In 1999, 13-year-old Naomi Nari Nam was the rising star of American figure skating. Her spectacular performance at the 1999 US Nationals (2nd only to Michelle Kwan) had earned the young skater hoards of fans and tons of media appraise. Naomi’s performance left such a mark on the skating world in the span of mere 4 minutes that the impact reached the other side of the ocean, transforming her into a mini star in her family’s native South Korea. ISU age regulations and bureaucracy problems prevented her from shining on the world stage in 1999.
Unfortunately, next season was marked by inconsistency for Naomi and she was not able to repeat the success. A serious hip injury further plagued her in 2000. She was off the ice for several years as a result. Naomi did not give up, however, and managed to make a comeback as a pair skater in 2005 with Themistocles Leftheris. The pair competed for two seasons and experienced some success internationally until injuries forced Naomi to leave competitive skating for good in 2008. Nowadays, Naomi is a dedicated skating coach and a mother of two.
Claudia de Leeuw: When did you start skating and what made you realize this was your sport?
Naomi Nari Nam: I first started skating when I was 6 years old. I realized very early on that figure skating was my sport, I remember not wanting to get off the ice for a full public session which is normally 2-3 hours. I never realized that talent I had during my singles career, I just knew that I wanted to win and be better than everyone.
C: During your skating career, you had the chance to work with John Nicks, a quite legendary coach himself. What was working with Mr. Nicks like, and what were the most important takeaways for you?
NNN: Mr. Nicks is the main reason I was so successful in this sport. He guided my parents with such great care regarding every aspect of my sporting career. His coaching was very consistent and I trusted him with my skating, we had a wonderful relationship.
C: In addition, you had the chance to train alongside a few of the most memorable American skaters from that generation – Sasha Cohen comes to mind. Can you share some interesting stories from your training days? Do you still keep in touch with your training mates?
NNN: Sasha and I trained together since we were 9&10 I believe. We were great friends and remain friends today. Of course, when we started getting older we became more competitive. For the most part, we were able to set our differences on the ice aside and would have many playdates and would hang out a lot off the ice. Sasha also played a huge role in my success. I knew she was a naturally gifted athlete, and I had a big advantage having someone to train with everyday like her. Our training days were filled with intensity and it was an awesome training environment to be in.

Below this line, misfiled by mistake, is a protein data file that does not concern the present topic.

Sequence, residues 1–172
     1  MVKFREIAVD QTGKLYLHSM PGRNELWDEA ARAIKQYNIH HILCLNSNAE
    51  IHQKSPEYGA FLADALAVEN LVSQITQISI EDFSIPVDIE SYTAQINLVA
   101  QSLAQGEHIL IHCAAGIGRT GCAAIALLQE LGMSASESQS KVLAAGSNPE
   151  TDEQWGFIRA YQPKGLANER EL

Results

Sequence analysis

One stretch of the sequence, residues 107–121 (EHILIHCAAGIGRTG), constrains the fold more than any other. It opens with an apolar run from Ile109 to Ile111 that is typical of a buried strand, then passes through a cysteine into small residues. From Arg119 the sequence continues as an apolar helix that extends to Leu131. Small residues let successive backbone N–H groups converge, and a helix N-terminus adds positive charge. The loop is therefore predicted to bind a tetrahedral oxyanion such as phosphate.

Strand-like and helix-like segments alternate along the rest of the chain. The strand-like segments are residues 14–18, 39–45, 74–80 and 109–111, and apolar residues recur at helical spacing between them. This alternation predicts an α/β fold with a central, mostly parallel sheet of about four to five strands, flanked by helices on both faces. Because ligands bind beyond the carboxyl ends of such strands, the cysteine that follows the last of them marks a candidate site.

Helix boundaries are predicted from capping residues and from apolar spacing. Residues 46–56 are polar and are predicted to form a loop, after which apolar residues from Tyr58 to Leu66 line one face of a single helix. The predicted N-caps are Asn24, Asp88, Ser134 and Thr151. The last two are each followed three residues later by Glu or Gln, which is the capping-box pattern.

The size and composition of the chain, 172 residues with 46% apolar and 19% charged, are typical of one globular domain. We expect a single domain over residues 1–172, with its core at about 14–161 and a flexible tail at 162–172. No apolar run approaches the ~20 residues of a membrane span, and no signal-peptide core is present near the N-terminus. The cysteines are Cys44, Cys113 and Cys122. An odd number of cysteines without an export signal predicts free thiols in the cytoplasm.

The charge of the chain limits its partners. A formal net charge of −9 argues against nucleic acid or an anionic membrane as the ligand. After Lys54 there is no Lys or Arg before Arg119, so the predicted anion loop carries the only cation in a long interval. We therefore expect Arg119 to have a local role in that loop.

C: What is your fondest memory from your skating career?
NNN: I had many fond memories of skating, there are so many! I think touring 3 years with Tom Collins Champions on Ice was life-changing. I wish I had toured when I was a bit older, I feel like I would have enjoyed touring in a different way.
C: After an absolutely amazing performance at the 1999 US Nationals, you received a lot of nationwide attention as well as media coverage in South Korea. Can you please talk a bit about what was it like to experience fame at such a young age?
NNN: Media attention from Korea was a lot to handle, especially because I was so young. I remember trips to Korea being very demanding and requiring a lot of press interviews and tv talk shows. However, it also came with a lot of perks! ALL the gifts from fans and the love I got from the people were overwhelming!
C: I am aware that in 2000 you had to undergo a hip surgery which kept you out of competition for a prolonged period. How was the recovery process like? What kept you motivated to work towards a comeback on the ice (and to eventually try pairs skating)?
NNN: I had never had a serious injury throughout my whole career, only minor bruises and sprains. I remember popping my hip out of my socket and thinking at the moment, “oh no, I’m not going to be able to go to my JGP”. I had been misdiagnosed, so I was still trying to skate with a torn labrum. It was extremely difficult to recover and keep motivated, I eventually decided to stop skating after a year of trying to come back competitively.
C: You had the chance to experience elite competition both as a singles and pair skater. Can you talk a little bit about how was that for you?
NNN: I had experienced elite competition at different times in my life. I was very young when I competed in singles, so I don’t think I had the emotional intelligence to even recognize what pressure was, or when I finally felt it, I didn’t have to right tools to handle it. I just knew that I loved to skate and I knew I had to do certain things to be a great athlete, and so I just did it. When I was in my pairs career, I skated and handled my training on my own. I started skating pairs at 19 after being off the ice for 4 years. A mutual friend introduced my skating partner, Themi, to me and we hit it off immediately. Themi and I really enjoyed skating together and he helped me so much as a skater and a person. He made training everyday fun!
C: Who are your favorite skaters of all time, and why?
NNN: I think Kristy Yamaguchi is my all-time favorite skater. She skated with such beauty and ease, and she is a wonderful example of what a successful and humble athlete should be.
C: What do you find most rewarding about working as a coach?
NNN: I think when I see a skater, any skater, who has resilience, is the most rewarding. I also enjoy seeing my students develop into great people and seeing them succeed off the ice.
C: If you could give one piece of advice to young skaters based on your experience, what would it be?
NNN: Always Dream Big, because if you work harder than anyone else, that dream will become a reality!